Tuesday, May 5, 2009

Oatmeal Raisin Loaves

I'm standing in my local grocery store, staring down the small loaf of raisin bread that is $4/loaf. I'm thinking, I don't have time to bake today, I should just buy it. For a moment, I almost give in. Then I take a deep breath and walk away, determined to make something cheaper and better. What a snob I've become. Wait a minute, do snobs really buy Western Family mac & cheese? Because that's what in my cart. I'm a conflicted woman.

I flipped through my beloved but neglected Baking in America, and found a recipe for oatmeal raisin bread. For you oatmeal haters out there, you really need to give this a try. There is no chunky oatmeal texture - it sort of just melts away into the dough and mellows out the whole wheat flavor. This dough uses whole wheat and white flour, oatmeal, and maple syrup for sweetness, so it's a great food storage recipe. I'm sure you could swap out the butter and milk for oil and powdered milk if you wanted.

Oatmeal Raisin Loaves
2 c. milk
1 1/2 c. cups quick oats (not instant)
4 T. butter
2 c. whole wheat flour
2 1/4 t. yeast (1 pkg.)
2 large eggs
1/3 c. pure maple syrup
1/4 c. water, plus more if needed (note: I used the soaking liquid from the raisins)
1 T. salt
3 1/2 c. white flour
1 1/2 c. golden and/or dark raisins (I soak the raisins to plump them up and use the soaking liquid for the water. I also give the raisins a rough chop before adding them to the dough.)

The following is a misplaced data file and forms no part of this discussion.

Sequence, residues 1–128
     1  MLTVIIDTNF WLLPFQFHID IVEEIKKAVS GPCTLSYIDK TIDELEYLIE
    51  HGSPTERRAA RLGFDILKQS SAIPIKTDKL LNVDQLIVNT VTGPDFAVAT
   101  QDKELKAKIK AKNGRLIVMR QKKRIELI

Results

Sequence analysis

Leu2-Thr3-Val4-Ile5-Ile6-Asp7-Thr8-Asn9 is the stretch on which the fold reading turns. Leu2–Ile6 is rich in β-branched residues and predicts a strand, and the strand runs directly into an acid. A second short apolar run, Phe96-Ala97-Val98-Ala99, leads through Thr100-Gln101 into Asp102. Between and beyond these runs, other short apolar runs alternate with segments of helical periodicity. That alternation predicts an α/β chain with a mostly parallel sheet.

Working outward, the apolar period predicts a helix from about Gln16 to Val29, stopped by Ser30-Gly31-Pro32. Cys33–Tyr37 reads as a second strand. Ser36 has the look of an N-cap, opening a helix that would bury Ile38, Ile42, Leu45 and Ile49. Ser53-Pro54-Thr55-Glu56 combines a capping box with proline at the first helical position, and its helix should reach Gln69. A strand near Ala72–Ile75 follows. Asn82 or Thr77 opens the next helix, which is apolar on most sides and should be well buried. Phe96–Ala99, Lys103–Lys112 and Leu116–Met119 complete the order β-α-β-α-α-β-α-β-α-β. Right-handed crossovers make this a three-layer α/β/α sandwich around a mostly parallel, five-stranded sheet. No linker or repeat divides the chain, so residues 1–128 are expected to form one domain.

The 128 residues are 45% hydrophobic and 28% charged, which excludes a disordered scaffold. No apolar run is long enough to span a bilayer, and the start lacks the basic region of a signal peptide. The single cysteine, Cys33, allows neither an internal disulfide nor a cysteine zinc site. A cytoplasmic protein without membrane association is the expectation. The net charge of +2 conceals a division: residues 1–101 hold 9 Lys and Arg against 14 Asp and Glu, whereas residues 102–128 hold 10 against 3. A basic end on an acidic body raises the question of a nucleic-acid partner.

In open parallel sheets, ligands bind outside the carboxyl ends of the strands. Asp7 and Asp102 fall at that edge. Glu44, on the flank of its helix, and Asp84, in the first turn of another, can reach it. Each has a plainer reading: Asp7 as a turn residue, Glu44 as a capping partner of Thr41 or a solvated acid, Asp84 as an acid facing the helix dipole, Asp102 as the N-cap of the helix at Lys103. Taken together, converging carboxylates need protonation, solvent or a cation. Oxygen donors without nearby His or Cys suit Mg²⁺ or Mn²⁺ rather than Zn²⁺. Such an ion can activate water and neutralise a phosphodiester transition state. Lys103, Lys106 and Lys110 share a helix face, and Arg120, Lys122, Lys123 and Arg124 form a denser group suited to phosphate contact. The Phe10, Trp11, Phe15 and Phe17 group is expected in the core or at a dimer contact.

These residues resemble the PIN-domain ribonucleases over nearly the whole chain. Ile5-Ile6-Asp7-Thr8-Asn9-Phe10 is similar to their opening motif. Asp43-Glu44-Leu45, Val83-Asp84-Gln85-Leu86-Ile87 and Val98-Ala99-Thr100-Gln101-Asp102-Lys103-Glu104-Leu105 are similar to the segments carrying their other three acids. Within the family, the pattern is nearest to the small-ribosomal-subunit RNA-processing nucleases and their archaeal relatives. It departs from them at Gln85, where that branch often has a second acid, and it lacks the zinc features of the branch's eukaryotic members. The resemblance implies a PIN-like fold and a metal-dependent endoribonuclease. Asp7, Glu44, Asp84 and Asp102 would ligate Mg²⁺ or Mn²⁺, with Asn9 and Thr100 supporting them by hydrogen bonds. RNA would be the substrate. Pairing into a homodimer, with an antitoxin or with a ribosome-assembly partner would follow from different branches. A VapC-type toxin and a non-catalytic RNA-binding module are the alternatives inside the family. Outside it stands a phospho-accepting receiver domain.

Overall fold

1. Bring milk to almost a boil in a large saucepan. Remove from the heat and add the oats and butter. Stir well with a wooden spoon until the butter melts. Cool until mixture feels just barely warm to the touch.

2. In a stand mixer scrape the oatmeal mixture into the mixing bowl and add the whole wheat flour, yeast, and eggs. Beat on medium speed with the paddle attachment for 5 minutes. Scrap the bowl and beater. (You could also do this by hand if you have those "Arm & Hammer" arms). Cover the bowl with plastic wrap and let rise at room temp. until almost tripled in volume, about 1 to 1.5 hours.

3. Stir in maple syrup, 1/4 c. water, slat, and 1 c. white flour into the oatmeal mixture. Attach the dough hook, and kneading on low speed, add the remaining 2.5 cups. flour, (Note: I did not need to add all 3.5 cups flour.) 1/2 c. at a time, beating well after each addition. Increase the speed to medium and continue to knead 5 to 8 minutes until dough almost cleans the sides of the bowl and feels firm, smooth and elastic. Add a small amount of water or flour if necessary.

4. Oil a large bowl or container and transfer the dough to the bowl. Let rise at room temp. until almost tripled in volume, about 2 hours.

5. Butter or grease two 9x5x3-inch loaf pans. Knead raisins into risen dough and divide in half. Shape into loaves, place them in the pans, cover with oiled plastic wrap and let rise until centers have risen about 1-2 inches above the rims of the pans, about 1 hour.

6. About 30 minutes before the loaves are ready to bake, place them in the oven, leaving a few inches between the pans. Bake for 40-45 minutes, until the loaves are well browned and sound hollow when you remove them from the pans and rap their bottoms. Naughtly loaves! Cool completely, if you can stand it, then wrap until airtight. Can store in freezer up to 1 month.

1 comment:

amanda said...

naughty loaves! hahaha. sounds yummy.